Good quality home care: Believe it or not a good emotional connection with owners can play a role in helping dogs to enjoy a longer life. Dogs that live indoors develop strong, emotional bonds with people who care for him well. They become part of the family and are happier, and healthier overall. Keeping your dog clean is also key to your dog’s happiness and your happiness! A clean dog is not only a healthier dog because he doesn’t have toxins, dirt & debris in his coat, but you are going to be a lot more affectionate with a fresh-smelling dog!
- Brush your dog regularly-A regular brushing will remove any loose and dead hair from his coat. Not only that, but the action of the brush will remove dander from the surface of his skin, and evenly distribute skin oils through his coat. This can prevent the accumulation of oil and dead cells on your dog’s skin which is the perfect breeding ground for bacteria and fungi. These secondary infections can be extremely itchy.
- Regular Dental Care- Getting your dog on a regular at home dental regimen can actually add three years to her life. Learn more.
- Regular Bathing– You might not realize it, but your dog’s coat acts like a magnet for all kinds of dust, dander, toxins, yeast, bacteria and allergens. A weekly bath is essential for removing these potential hazards; especially if your dog has allergies. These substances can actually CAUSE the allergies.
Minimize the Stress– Stress can affect your dog’s immune system and can make him more likely to fall ill. It’s important that you make sure his life is as stress free as possible. Your dog can’t possibly be stressed, can he? He’s well fed, has a warm bed and someone who loves him. Stress in dogs can be very subtle. For example, a herding breed may be stressed if he can’t expend his energy, or use his brain. Dogs are intelligent animals. Regular exercise and mental stimulation is so important in keeping their stress levels down. Consider obedience training, agility or herding classes to give them something to do with their mind. If you’re concerned about your dog’s stress levels, place a few drops of Sleepytime Tonic on his tongue. It contains Skullcap and Passionflower, both of which reduce anxiety. Its Bach Flower Remedies, particularly Wild Oat, help ease fear and irritability, and reduce boredom-related depression.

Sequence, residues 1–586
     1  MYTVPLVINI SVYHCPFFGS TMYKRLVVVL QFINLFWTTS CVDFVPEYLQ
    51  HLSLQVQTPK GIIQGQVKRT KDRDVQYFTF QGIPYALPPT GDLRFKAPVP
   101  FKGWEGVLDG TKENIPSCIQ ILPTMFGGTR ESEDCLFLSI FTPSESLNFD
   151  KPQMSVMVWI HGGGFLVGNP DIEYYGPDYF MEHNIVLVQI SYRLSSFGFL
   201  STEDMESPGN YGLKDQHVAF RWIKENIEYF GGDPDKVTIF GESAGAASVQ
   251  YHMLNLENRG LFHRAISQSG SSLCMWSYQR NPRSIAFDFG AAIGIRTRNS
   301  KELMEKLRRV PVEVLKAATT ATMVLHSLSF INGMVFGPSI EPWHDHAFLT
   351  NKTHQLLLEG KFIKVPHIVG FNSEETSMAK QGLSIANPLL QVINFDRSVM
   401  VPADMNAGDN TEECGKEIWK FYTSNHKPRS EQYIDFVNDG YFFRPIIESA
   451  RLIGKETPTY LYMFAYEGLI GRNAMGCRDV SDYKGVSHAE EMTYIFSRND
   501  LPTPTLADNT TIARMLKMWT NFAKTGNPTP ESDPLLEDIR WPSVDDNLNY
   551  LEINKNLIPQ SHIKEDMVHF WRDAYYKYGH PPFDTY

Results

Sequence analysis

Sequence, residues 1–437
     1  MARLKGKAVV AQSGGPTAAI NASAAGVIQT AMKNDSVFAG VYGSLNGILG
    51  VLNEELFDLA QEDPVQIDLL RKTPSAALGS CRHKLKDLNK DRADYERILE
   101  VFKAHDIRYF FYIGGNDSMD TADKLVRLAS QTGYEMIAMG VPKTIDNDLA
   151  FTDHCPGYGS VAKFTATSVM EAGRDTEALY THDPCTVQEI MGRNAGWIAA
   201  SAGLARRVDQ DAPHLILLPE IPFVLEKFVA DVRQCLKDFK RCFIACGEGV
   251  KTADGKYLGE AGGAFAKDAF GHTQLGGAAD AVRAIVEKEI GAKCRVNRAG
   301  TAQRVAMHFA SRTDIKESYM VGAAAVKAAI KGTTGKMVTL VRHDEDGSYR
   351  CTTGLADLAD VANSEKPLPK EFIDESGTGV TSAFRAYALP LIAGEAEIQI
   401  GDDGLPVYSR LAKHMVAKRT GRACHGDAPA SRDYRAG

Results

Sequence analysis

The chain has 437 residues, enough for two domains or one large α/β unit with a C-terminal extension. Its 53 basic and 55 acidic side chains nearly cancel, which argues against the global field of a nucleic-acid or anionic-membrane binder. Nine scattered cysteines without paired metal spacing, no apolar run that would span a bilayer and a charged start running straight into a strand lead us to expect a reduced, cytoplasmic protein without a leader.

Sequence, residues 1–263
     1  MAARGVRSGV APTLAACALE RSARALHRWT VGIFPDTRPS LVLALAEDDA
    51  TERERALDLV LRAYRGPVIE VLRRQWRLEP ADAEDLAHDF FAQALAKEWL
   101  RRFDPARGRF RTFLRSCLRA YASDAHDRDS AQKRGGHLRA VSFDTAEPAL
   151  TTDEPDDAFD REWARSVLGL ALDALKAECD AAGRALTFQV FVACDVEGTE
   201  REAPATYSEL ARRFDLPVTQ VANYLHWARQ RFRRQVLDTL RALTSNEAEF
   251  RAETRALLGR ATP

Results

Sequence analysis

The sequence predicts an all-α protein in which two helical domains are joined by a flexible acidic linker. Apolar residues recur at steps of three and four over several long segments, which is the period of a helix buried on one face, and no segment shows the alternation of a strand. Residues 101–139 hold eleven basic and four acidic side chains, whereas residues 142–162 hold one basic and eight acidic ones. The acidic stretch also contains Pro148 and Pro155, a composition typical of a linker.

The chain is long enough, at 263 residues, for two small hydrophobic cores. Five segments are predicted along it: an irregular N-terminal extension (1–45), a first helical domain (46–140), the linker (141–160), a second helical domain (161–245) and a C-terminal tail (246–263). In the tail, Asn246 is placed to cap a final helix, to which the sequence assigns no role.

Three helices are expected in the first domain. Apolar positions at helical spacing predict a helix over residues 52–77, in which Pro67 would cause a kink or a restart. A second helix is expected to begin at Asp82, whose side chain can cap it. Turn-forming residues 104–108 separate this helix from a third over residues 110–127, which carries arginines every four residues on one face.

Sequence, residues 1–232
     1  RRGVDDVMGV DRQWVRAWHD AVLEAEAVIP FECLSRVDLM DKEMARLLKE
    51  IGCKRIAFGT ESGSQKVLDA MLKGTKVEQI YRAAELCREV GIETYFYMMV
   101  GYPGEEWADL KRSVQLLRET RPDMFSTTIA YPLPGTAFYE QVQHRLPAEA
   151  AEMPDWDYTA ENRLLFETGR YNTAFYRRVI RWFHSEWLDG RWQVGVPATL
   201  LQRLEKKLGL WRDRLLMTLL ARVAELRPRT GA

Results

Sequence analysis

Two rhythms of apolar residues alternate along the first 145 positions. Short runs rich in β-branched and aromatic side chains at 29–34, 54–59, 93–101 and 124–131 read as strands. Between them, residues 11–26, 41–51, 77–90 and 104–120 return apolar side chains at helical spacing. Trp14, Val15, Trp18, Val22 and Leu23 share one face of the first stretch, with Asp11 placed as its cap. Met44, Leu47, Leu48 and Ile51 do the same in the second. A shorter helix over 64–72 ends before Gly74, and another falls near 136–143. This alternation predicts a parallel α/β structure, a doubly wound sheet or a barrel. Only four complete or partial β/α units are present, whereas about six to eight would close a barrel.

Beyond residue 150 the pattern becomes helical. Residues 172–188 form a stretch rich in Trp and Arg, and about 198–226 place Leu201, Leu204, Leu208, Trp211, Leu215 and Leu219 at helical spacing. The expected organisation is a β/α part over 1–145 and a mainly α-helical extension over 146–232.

Although you can’t help your four-legged friend to live as long as you do, your role as a responsible dog owner will help to ensuring that he lives as long as possible. Thankfully many dogs live longer than expected for their size, but even when we do have to say goodbye to them, at least they continue to live forever in our hearts.
Here is a list of the American Kennel Club’s 20 most popular dog breeds from 2008 and their average life span, according to The World Atlas of Dog Breeds.
- Labrador retriever — 10 to 14 years
- Yorkshire terrier — 12 to 15 years
- German Shepherd dog — 10 to 14 years
- Golden retriever — 10 to 12 years
- Beagles — 12 to 14 years
- Boxers — 11 to 14 years
- Dachshunds — 12 to 14 years
- Bulldogs — 10 to 12 years
- Poodles — 10 to 15 years
- Shih Tzu — 11 to 15 years
- Miniature Schnauzers — 15 years or more
- Chihuahuas — 15 years or more
- Pomeranians — 13 to 15 years
- Rottweilers — 10 to 12 years
- Pugs — 12 to 15 years
- German shorthaired pointers — 12 to 15 years
- Boston terriers — about 15 years
- Doberman Pinschers — 10 to 12 years
- Shetland Sheepdogs — 12 to 14 years
- Maltese — 15 years or more